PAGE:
The ax had been hovering, and yesterday it fell.
With negotiations stalled on a collective bargaining agreement that centers on how to divvy up $3 billion in annual revenue, the NHL canceled the first two weeks of regular-season games, 82 in all, from Oct. 11 through Oct. 24.
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So, for the third time since 1994-95, labor issues prompted the scrapping of games. The Islanders were scheduled to play six games, three at home (Oct. 13 against the Flyers, Oct. 20 against the Sabres and Oct. 22 against the Panthers). The Rangers will miss five road games. Another swath of the schedule could be gone before the end of the month unless an agreement is reached. No further negotiating sessions were scheduled as of Thursday night and players continue to sign contracts with out-clauses in Russia's KHL and European leagues.
If the scenario sounds familiar, it is. The 2004-05 season was wiped out and the '94-95 season was cut to 48 games after an agreement was reached. The league ditched the preseason schedule last month, and NHL deputy commissioner Bill Daly said earlier this week that close to $100 million in revenues was already lost.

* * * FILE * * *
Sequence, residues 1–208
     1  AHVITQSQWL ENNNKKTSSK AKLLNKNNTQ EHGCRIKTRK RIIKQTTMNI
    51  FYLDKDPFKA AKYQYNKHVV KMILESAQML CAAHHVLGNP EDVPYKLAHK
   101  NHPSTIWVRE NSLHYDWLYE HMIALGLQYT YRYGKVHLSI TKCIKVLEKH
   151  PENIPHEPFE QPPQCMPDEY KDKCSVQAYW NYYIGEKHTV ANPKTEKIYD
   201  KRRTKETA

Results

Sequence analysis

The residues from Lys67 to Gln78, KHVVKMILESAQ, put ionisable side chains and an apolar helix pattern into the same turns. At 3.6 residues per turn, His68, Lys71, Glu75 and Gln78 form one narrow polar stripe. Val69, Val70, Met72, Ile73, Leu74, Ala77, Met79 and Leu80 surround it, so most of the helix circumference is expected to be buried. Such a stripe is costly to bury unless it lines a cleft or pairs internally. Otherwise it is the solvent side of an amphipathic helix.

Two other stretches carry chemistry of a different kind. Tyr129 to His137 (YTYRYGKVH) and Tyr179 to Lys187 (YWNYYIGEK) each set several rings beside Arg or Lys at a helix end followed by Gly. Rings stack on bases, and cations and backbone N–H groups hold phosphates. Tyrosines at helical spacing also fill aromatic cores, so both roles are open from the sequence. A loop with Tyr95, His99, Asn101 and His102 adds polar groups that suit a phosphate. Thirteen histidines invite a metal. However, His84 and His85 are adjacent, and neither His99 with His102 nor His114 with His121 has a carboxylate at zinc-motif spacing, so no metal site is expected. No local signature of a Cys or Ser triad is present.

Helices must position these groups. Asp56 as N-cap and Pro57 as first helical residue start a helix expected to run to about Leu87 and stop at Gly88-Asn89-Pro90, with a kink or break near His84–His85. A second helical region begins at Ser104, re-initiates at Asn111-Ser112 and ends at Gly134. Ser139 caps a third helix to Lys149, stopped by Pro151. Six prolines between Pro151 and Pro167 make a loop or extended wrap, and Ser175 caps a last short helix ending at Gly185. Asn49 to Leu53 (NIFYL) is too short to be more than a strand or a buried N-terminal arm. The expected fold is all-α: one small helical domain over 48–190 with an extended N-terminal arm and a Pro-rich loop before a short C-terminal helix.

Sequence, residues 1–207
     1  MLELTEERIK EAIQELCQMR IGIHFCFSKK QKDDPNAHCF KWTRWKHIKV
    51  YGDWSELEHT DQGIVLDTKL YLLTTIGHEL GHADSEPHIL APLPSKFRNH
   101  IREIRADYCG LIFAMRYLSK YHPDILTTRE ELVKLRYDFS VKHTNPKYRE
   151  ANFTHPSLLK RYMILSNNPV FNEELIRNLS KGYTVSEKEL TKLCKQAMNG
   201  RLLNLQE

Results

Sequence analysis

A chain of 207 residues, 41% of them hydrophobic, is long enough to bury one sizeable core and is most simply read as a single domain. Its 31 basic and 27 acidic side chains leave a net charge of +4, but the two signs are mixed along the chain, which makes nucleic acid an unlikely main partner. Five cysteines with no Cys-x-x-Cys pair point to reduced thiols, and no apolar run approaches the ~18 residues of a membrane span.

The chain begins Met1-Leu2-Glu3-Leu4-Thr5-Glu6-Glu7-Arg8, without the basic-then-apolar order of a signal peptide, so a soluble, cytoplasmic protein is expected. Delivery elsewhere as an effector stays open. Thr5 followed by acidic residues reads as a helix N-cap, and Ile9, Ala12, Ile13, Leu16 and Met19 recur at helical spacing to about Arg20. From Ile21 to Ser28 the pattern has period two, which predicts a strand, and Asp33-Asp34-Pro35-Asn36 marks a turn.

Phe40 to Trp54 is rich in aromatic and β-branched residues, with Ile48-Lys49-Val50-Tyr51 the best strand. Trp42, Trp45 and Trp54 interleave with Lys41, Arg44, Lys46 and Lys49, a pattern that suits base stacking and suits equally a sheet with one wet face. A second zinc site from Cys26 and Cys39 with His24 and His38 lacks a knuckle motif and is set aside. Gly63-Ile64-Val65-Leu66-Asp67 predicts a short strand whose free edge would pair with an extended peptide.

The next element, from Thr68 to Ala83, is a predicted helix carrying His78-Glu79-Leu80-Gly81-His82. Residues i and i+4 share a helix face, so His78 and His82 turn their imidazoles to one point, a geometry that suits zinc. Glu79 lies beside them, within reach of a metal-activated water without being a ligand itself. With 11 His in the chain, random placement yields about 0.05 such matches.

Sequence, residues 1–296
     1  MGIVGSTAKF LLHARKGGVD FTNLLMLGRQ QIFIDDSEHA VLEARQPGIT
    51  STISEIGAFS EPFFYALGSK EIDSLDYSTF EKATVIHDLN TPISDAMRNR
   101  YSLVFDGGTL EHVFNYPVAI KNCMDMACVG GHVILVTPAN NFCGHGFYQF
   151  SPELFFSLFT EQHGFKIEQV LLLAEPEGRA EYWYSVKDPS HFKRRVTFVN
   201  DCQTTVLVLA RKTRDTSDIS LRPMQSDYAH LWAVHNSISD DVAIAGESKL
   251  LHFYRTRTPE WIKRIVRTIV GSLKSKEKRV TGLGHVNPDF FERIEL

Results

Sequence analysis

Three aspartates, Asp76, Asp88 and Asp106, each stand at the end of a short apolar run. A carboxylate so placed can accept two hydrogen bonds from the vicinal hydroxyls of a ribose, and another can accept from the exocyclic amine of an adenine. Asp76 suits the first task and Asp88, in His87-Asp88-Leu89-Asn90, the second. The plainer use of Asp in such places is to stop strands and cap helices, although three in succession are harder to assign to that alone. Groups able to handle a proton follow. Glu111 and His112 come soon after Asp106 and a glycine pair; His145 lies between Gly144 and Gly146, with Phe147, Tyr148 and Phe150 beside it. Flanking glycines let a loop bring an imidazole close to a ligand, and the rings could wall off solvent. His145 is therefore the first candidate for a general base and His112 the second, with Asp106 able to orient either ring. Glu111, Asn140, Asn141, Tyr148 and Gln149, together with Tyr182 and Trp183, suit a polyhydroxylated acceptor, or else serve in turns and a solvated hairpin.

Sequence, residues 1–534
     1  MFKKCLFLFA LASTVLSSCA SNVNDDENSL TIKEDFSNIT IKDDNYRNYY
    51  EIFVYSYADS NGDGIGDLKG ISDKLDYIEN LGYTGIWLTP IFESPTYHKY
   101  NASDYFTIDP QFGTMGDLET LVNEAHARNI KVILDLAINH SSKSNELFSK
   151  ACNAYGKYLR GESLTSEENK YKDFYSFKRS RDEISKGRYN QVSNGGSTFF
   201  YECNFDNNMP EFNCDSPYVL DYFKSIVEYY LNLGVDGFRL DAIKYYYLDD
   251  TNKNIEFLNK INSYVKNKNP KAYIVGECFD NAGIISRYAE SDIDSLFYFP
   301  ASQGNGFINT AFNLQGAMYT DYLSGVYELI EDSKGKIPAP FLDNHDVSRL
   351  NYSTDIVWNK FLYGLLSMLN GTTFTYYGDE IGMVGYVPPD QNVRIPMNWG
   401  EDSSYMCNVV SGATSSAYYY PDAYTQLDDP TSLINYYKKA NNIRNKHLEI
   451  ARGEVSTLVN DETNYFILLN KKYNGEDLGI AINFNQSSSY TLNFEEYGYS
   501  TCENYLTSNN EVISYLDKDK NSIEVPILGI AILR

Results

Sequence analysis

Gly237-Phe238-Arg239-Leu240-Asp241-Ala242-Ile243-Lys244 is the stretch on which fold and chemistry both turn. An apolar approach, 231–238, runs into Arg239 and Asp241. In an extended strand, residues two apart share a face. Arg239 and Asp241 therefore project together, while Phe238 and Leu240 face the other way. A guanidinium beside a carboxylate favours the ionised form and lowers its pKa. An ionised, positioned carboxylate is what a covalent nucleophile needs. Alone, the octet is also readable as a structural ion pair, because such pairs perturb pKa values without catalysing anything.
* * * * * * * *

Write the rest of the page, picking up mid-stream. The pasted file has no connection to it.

"The decision to cancel the first two weeks of the NHL season is the unilateral choice of the NHL owners," NHL Players Association executive director Donald Fehr said. "If the owners truly cared about the game and the fans, they would lift the lockout and allow the season to begin on time while negotiations continue. A lockout should be the last resort in bargaining, not the strategy of first resort."
Said Daly: "This is not about 'winning' or 'losing' a negotiation. This is about finding a solution that preserves the long-term health and stability of the league and the game. We are committed to getting this done."
Yesterday's decision, the first real pressure point in the bargaining, ups the ante. Players will miss the first of their twice-monthly paychecks on Oct. 15, or 6.7 percent of their contracts. A player with a $1 million contract will lose $77,000. Should the lockout last through November, four paychecks will be lost.
Over the next two weeks, the owners are expected to forfeit more than $100 million. Sponsors, television networks who pay rights fees to broadcast the games and arena workers will feel the impact as well.
The sticking point is the owners' aim to sharply reduce the players' share of hockey-related revenues from the 57 percent they have been receiving. The league offered a six-year contract, with an immediate rollback that decreased the players' share to 46 percent. The players bristled, having accepted a 24 percent salary rollback in the last agreement, and argued that existing contracts should be honored.